Anonymous Coward says:

Re: Re: Re:2 Re:

“After all, don’t you think that perhaps, just maybe, getting rid of all copyright and all protections would hurt some people, at least a bit? “

Yeah, it’ll hurt lawyers.

and the government not giving me a million dollars at request hurts me. I’m hurt, more than just a bit. I want my million dollars.

Anonymous Coward says:

Re: Re: Re:2 Re:

“so therefore you support copyright because getting rid of it would put many people out of work?”

and this is another reason I want IP abolished. It’s purpose is not to ‘create jobs’ it’s purpose should be to promote the progress and serve a social benefit. It’s not the governments job to ‘create jobs’ and dictate where jobs should go, this isn’t communism. We already have a welfare system, IP should not be a form of government welfare or artificial job creation.

Jobs aren’t an end in and of themselves. The government can pay people to dig holes and fill them back up and that’s a job.

That IP has been twisted into a tool to facilitate jobs that corporations feel entitled to is more reason to abolish it.

As a consumer, a person whom jobs should intend to serve, I want IP either abolished or fixed and I don’t care who, or what lawyers, it puts out of work. People will and have created content and will continue to innovate perfectly fine without IP. Sure, the lawyers would get hurt, but they need to find legitimate jobs.

Anonymous Coward says:

Re: Re: Re:

“Are you suggesting that I get 1 or 2% of the population to yell really, really loudly, to threaten business owners and politicians with career ruining actions, that the US will suddenly repeal all speed limits? WOW!”

Wow, that you can imagine such a suggestion from what I said really demonstrates how desperate you are to grasp at straws.

Violated (profile) says:


It is not too hard to see what is going on there in their desire to engage with social networks.

We can of course muster up hundreds of thousands or even millions of protesters who also go under the name of “voters” and what many politicians would be wanting to please. In that same regard we also have a list of those who we need to remove from power.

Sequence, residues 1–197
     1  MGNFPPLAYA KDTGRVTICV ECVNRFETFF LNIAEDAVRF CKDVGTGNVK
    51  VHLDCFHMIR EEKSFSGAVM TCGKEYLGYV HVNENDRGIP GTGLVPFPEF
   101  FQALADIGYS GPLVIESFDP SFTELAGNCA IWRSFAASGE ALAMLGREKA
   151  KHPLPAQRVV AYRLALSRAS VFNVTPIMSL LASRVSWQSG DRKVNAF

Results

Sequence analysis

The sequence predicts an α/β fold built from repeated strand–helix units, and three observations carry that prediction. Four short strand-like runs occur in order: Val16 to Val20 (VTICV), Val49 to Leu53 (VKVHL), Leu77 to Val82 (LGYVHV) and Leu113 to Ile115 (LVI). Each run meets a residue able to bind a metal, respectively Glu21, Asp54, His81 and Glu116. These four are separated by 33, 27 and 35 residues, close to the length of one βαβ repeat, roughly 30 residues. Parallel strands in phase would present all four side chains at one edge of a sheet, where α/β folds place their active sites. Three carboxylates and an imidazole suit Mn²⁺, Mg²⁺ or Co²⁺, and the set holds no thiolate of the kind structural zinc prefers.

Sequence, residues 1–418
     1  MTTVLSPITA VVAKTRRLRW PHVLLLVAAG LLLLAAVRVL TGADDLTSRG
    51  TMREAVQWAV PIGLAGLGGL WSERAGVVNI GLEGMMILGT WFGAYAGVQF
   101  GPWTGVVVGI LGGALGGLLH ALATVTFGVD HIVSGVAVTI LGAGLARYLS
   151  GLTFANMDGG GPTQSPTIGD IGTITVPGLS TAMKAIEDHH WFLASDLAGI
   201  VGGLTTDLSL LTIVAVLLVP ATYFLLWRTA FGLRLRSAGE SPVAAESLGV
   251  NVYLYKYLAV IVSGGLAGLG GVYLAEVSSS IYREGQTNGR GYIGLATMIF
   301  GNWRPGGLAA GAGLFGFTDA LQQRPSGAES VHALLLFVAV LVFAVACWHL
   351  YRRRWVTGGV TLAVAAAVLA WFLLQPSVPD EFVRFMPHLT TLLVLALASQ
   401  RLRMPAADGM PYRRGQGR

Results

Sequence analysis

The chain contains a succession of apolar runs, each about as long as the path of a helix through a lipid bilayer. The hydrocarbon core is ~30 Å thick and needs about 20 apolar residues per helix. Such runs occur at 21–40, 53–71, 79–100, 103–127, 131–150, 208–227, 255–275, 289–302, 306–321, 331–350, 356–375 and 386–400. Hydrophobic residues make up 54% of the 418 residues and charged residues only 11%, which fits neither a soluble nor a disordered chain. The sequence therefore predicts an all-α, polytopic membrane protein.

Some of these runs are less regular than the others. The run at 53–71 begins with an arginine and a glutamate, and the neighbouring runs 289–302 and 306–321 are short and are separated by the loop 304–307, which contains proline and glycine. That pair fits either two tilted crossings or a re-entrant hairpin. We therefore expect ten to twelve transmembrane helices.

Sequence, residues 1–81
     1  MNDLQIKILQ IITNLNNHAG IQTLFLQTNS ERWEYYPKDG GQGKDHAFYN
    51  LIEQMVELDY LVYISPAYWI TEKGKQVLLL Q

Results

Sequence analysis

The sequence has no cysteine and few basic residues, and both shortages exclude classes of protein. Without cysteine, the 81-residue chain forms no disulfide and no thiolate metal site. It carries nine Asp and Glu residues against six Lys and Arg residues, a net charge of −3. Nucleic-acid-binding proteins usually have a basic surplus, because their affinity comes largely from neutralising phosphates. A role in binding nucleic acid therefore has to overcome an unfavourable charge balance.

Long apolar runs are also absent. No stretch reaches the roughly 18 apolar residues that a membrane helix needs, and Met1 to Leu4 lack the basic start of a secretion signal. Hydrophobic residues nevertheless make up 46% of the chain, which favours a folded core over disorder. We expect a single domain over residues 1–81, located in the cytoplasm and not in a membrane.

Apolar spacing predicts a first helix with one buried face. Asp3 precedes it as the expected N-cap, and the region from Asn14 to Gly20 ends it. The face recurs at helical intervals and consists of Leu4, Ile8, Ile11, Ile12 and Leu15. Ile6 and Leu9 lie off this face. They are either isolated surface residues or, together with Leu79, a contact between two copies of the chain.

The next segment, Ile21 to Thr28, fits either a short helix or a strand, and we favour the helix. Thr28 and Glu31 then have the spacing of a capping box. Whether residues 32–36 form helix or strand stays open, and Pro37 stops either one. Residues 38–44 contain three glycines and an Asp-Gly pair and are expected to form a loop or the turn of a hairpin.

What is clear to us is that the Internet as we know it is under attack and very few of us would want to turn the current wild west gun fight into much worse by arming them with weapons of mass destruction. Not only that they are clearly aiming to target citizens with monitoring and filtering.

I can’t see how Glyn Moody can say political engagement would be a bad thing when this is exactly what we want and need. Certainly we should never forget our cause to protect the Internet and not to let them ass around with protecting old monopolies at the expense of the open market. We do need our voice heard and to only kill bad new laws is not the only way when large parts of copyright law needs to be reformed as well.

I do think we are going through an amazing time. Every major historical event involves much hard conflict and we clearly go through many battle as the world changes around us. We now have to protect the freedoms of the Internet to pass to future generations when those freedoms are now at risk of being lost.

Anonymous Coward says:

Thomas Jefferson (and the others) stated the situation very clearly and succinctly in the Declaration of Independence:

and accordingly all experience hath shewn that mankind are more disposed to suffer, while evils are sufferable than to right themselves by abolishing the forms to which they are accustomed

Unfortunately, the mindset of the entertainment industry and their most devout followers make them incapable of understanding they have crossed that line. Their actions and depredations are no longer sufferable, not longer tolerable, no longer acceptable to far, far too many people.

While it is likely that some of that resistance may relent for a bit and go back to quietly simmering, it is NOT going to go away. And rest assured, those who have already been pushed as far as they are willing to be pushed will be ready and waiting to stoke those fires.

Marcel de Jong (profile) says:

A Dutch politician blamed “open source society” (his term) for the failing of ACTA, yesterday during a program on counterfeiting goods, and the importing of illegal drugs.

Without mentioning the other side of the argument that the law was badly written, poorly constructed, and intentionally broad and vague.

He was there to put the blame on ‘open source society’ that we get fake drugs on the Dutch market, that you can buy off shady websites.

The program ironically showcased people doing work at the border and post-agencies on preventing that kind of import from happening, while claiming that nothing could be done against the importing of illegal/contraband/fake goods and drugs.

It was a shoddy piece of work, and basically was used to instill fear, uncertainty and doubt, and to promote the goodness that was ACTA.

I was ashamed that my tax euros were used to fund that program (it was on public tv, that’s funded through our taxes)